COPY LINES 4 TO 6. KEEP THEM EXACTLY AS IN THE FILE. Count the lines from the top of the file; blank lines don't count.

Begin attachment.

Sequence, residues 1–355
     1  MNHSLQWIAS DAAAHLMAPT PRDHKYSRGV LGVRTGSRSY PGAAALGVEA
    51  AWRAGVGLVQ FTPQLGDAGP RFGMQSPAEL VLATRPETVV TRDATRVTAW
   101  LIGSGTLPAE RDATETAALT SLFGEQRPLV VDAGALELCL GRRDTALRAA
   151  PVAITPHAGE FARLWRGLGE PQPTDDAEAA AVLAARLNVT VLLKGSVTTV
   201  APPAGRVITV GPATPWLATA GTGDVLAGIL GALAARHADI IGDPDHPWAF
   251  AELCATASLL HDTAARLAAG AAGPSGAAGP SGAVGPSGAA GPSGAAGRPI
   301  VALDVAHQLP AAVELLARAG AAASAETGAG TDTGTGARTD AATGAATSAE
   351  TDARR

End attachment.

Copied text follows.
   101  LIGSGTLPAE RDATETAALT SLFGEQRPLV VDAGALELCL GRRDTALRAA
   151  PVAITPHAGE FARLWRGLGE PQPTDDAEAA AVLAARLNVT VLLKGSVTTV
   201  APPAGRVITV GPATPWLATA GTGDVLAGIL GALAARHADI IGDPDHPWAF